Lori Rader-Day

What advice would you have for young writers just getting started?

Michael Harvey


Fiction, non-fiction, any and all genres. As along as the writing is good, it doesn’t matter. Reading does at least two things. It fires the imagination in a way film and television just can’t do. And it builds vocabulary. Without a lot of words in your gas tank, the engine that is your writing talent just won’t go very far. By page twenty-five you’ll be trotting out the clichés and putting yourself to sleep with boring characters that never should have been created and boring sentences that never should have been written. This is not (necessarily) because you can’t write. It’s because you haven’t read!


Lori Rader-Day

You mentioned at an event we did together recently that you based some of the story of Harry’s murder on a real story…

Michael Harvey

In 1976, a Harvard football player named Andy Puopolo was murdered in Boston’s Combat Zone. I was in high school when Andy was killed and remember it very clearly. For many in the city, Andy represented the future in all its infinite possibility. He was also a sudden reminder of how fragile life can be and how everything can (and does) change in a moment. The details of the murder in Pulse are completely different from what happened to Andy. At the end of the day, however, I’d like to think there’s a little bit of Andy in Harry. A little bit of the eternal nature of hope, the pristine wonder of youth and the immutable power of love. If we can reflect on those simple principles and make them part of our DNA, that’s probably a pretty good thing.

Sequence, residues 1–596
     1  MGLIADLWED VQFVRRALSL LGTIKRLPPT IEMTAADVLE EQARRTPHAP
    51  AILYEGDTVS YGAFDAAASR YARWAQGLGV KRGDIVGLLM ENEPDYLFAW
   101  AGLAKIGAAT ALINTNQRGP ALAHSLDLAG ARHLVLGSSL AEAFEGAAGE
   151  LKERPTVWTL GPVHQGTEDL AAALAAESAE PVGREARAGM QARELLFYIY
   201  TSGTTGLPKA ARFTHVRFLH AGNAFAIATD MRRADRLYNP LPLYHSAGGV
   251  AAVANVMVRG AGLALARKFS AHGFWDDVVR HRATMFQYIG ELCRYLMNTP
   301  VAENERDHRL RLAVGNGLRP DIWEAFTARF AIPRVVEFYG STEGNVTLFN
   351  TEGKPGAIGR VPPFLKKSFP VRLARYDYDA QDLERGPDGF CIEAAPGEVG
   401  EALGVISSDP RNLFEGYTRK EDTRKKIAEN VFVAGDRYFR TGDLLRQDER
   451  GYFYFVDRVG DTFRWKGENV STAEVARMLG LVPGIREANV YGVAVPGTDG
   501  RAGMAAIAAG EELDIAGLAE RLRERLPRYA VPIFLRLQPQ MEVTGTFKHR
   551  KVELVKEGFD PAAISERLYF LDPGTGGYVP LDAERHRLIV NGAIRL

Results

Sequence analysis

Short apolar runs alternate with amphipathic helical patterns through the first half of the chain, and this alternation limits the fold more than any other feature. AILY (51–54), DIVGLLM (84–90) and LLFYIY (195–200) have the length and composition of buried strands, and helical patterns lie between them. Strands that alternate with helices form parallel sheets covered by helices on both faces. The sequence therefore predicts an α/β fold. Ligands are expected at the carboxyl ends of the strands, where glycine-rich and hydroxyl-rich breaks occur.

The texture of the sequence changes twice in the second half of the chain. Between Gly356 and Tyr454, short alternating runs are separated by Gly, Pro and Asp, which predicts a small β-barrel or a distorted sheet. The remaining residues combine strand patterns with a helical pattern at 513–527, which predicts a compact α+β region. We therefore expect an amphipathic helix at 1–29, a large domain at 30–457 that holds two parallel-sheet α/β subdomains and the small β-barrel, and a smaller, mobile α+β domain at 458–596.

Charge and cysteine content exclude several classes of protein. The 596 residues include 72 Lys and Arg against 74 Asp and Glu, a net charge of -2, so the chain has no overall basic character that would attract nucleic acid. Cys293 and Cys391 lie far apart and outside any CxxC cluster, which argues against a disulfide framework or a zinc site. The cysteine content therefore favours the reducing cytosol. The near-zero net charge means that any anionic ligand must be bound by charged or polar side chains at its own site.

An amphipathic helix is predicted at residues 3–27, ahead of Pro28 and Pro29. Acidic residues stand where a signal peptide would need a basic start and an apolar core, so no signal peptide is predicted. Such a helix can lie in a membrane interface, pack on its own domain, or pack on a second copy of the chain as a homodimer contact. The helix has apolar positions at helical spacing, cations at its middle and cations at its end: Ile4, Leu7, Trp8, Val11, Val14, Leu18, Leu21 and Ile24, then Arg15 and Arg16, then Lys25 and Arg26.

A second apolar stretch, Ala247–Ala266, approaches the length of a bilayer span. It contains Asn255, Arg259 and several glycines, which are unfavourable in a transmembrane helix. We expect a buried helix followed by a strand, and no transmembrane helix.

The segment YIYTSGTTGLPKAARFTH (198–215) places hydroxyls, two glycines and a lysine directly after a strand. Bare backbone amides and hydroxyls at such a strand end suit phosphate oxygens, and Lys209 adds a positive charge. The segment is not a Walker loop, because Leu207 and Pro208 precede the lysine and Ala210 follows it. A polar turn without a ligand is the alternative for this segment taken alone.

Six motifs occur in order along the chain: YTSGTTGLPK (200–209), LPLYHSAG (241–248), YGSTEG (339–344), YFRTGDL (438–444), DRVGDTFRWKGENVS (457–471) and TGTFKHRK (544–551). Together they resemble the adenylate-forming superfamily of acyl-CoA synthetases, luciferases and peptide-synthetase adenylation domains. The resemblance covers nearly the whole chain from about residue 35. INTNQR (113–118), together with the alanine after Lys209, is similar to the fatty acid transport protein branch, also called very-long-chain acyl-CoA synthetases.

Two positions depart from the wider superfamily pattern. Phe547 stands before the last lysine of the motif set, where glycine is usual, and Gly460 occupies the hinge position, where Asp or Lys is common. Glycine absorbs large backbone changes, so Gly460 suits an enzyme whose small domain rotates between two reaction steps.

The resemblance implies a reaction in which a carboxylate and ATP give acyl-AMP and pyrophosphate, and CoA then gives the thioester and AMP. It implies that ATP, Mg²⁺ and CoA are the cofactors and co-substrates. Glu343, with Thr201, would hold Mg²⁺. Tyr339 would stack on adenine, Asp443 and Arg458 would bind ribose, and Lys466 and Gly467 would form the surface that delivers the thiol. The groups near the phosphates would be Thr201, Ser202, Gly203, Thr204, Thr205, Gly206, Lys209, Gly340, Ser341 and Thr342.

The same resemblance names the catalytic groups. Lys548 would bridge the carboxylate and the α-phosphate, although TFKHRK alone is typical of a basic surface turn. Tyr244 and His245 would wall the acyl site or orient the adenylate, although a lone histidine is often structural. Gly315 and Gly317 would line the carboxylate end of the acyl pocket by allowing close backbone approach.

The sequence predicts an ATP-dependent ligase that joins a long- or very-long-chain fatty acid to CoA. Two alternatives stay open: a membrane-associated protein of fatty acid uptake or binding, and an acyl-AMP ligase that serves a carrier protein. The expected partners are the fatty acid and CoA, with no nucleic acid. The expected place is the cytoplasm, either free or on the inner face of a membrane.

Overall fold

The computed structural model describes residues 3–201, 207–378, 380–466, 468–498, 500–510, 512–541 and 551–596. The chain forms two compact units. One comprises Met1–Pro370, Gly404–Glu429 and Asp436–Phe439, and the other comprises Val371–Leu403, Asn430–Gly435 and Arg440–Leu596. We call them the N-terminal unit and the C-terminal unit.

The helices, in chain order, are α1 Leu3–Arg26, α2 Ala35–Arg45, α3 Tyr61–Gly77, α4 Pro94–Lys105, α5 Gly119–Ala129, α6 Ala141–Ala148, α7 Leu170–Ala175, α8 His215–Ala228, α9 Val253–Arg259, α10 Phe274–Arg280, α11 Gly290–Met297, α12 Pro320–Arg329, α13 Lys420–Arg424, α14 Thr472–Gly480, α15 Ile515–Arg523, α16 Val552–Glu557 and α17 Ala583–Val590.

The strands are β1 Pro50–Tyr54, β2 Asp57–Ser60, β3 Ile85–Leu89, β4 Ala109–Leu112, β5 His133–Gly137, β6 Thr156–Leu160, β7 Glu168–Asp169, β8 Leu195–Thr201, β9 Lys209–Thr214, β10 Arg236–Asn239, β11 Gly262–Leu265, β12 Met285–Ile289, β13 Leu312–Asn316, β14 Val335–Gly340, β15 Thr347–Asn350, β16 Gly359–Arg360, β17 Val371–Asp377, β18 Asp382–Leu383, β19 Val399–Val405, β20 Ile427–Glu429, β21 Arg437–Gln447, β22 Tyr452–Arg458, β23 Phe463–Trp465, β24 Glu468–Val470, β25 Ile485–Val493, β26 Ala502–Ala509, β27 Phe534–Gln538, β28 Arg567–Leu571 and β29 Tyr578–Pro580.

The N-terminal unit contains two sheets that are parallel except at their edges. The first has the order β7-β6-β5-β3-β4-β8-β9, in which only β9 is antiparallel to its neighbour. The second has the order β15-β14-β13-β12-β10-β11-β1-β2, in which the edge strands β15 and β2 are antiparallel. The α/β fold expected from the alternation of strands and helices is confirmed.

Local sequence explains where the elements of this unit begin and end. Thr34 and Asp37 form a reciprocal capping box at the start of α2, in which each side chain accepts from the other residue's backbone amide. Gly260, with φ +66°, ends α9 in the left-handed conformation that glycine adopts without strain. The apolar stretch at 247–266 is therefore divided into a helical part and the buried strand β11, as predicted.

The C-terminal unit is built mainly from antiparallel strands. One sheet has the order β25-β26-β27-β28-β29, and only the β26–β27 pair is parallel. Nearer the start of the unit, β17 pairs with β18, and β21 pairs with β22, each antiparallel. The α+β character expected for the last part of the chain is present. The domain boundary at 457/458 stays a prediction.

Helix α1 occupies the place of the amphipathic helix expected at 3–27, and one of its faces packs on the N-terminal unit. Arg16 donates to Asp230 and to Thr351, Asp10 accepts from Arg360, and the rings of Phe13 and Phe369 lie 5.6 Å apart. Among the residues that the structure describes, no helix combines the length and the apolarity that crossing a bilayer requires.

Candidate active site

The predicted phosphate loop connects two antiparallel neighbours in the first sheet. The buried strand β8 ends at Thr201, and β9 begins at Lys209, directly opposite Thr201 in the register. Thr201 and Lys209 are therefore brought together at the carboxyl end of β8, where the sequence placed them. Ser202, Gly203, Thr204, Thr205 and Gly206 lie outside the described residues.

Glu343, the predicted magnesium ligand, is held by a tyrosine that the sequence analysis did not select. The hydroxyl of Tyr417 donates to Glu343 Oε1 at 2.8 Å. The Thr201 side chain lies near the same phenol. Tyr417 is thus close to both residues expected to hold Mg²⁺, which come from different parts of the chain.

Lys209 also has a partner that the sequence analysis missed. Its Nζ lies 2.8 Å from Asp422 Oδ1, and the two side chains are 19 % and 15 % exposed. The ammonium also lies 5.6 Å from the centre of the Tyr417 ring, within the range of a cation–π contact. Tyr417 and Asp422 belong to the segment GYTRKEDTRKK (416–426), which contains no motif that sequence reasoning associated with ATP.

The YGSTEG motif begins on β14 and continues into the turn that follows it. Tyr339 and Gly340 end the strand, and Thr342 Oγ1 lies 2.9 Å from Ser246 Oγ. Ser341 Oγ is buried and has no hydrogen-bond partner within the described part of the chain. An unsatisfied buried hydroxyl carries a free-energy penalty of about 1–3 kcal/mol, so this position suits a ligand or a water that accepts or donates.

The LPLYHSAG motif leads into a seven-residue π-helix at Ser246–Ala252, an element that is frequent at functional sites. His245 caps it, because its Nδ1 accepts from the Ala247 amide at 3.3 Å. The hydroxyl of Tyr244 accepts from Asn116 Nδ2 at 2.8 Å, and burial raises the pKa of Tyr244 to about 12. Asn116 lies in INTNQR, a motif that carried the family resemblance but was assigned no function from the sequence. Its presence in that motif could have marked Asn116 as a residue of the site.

By Michael Harvey
Published October 23, 2018

Michael Harvey is the author of seven previous novels, including Brighton and The Chicago Way. He’s also a journalist and documentarian whose work has won multiple News & Documentary Emmys, two Primetime Emmy nominations, and an Academy Award nomination. Raised in Boston, he now lives in Chicago.

Lori Rader-Day is the Edgar® Award-nominated author of Under a Dark Sky, The Day I Died, Little Pretty Things, and The Black Hour. She lives in Chicago, where she co-chairs the mystery readers' conference Murder and Mayhem in Chicago. Her next novel, The Lucky One, is out from Harper Collins in February.

1 comment on “‘Pulse’ Is a Brisk Detective Thriller With a Sci-Fi Twist

  1. I will recommend this to my husband, sounds like he’ll like it!